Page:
This week’s topic is actually a really tricky one and I wracked my brain for ages to try and come up with suitable examples. I’m not 100% sure these fit exactly, but it’s the best I can do so you get what you get haha!
Most of these choices are books I read when I was much younger but remain solid favourites to this day despite their titles not exactly reliably suiting their subjects i.e. they don’t describe the book much at all…
1. Watership Down by Richard Adams
This book does rather sound like it should be about actual ships and those ships sinking instead of being about bunnies! Actually, that is an oversimplification because this book has many themes and people have analysed and critiqued it for years as being more of an allegory for communism and Christianity (though the family of the author maintains it is just a novel about rabbits!) It’s a great book nonetheless, even though the title is rather misleading. The film is also great (but bloody terrifying!)
2. The Neverending Story by Michael Ende
This book quite obviously sounds like it is a book without an ending. Spoiler warning: it actually does in fact have a distinct ending! Shocking, I know! I actually first became aware of this book due to the film of the same name and sought it out after watching it as a child. I remember it being a great story even though it promises something in the title it actually cannot deliver.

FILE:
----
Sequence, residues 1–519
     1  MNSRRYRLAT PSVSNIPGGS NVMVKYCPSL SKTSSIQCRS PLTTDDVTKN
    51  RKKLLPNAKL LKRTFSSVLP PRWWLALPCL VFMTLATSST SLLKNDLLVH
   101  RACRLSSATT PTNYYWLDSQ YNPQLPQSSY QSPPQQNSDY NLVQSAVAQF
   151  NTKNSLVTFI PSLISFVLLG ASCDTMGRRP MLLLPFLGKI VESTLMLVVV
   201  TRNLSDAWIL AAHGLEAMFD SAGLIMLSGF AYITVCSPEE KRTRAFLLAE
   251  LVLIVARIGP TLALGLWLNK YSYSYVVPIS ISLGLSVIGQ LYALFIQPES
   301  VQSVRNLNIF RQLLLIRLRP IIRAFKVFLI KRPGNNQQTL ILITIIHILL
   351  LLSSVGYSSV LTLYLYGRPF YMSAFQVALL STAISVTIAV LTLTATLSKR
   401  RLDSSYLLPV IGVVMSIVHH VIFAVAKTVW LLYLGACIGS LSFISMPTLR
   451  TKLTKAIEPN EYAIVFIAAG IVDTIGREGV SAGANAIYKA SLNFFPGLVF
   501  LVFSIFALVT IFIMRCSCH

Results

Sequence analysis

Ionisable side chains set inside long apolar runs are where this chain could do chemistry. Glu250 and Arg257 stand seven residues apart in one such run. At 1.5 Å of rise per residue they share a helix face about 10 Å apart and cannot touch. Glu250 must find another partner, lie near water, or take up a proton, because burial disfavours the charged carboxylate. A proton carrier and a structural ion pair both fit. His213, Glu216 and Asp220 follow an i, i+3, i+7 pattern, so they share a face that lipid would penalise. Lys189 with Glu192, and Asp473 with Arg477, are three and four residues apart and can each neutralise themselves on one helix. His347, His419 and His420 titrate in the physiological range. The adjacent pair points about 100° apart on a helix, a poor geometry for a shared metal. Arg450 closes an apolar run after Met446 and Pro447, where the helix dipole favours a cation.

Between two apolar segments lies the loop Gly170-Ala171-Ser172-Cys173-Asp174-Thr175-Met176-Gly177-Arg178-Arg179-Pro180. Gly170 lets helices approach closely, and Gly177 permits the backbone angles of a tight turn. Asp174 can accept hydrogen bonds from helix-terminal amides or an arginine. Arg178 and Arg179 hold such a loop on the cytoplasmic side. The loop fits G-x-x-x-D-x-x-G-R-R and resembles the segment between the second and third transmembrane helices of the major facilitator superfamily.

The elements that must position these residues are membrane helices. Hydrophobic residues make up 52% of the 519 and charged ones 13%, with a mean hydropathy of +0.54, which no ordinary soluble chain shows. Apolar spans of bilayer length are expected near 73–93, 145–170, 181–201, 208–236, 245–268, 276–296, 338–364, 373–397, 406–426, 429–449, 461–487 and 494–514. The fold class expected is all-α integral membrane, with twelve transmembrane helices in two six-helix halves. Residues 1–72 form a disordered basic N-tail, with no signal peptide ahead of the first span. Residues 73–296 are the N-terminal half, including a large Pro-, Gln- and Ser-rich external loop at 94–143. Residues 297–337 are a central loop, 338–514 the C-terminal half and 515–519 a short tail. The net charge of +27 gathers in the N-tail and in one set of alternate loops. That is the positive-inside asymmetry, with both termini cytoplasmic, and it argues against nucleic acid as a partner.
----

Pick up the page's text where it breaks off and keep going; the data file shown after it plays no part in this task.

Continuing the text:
3. One Flew Over the Cuckoo’s Nest by Ken Kesey
A novel about bird-watching, perchance? Nah, not quite. This book couldn’t be further from that given it’s a story about a group of people in a mental institution and what happens to them when someone comes in who upsets the status quo. It has a lot of heavy themes which belies the almost whimsical-sounding title. The film is incredibly hard-hitting too.
4. Animal Farm by George Orwell
This sounds like it should be a book about farmyard animals; a children’s book perhaps. Instead, it’s a allegorical book about communism and is considered an important treatise on the subject. Heavy stuff for a book about animals, eh? The fact that there is an animated film also probably accounts for a lot of the misapprehension that this book is a simple children’s story (even though it is a propaganda film – not remotely aimed at children).
5. To Kill A Mockingbird by Harper Lee
Nope, this isn’t a guide to hunting those pesky mockingbirds, even though you could be forgiven for thinking so (though I wouldn’t think there are many people who don’t know about To Kill A Mockingbird, only one of the most famous novels of the twentieth century). Instead it is a book about racism and small-town life in America. It is a classic for a good reason and the movie only made it even more beloved (Gregory Peck as Atticus Finch – be still, my heart). Hmm, just realised all of my choices also have movie adaptations… 🤔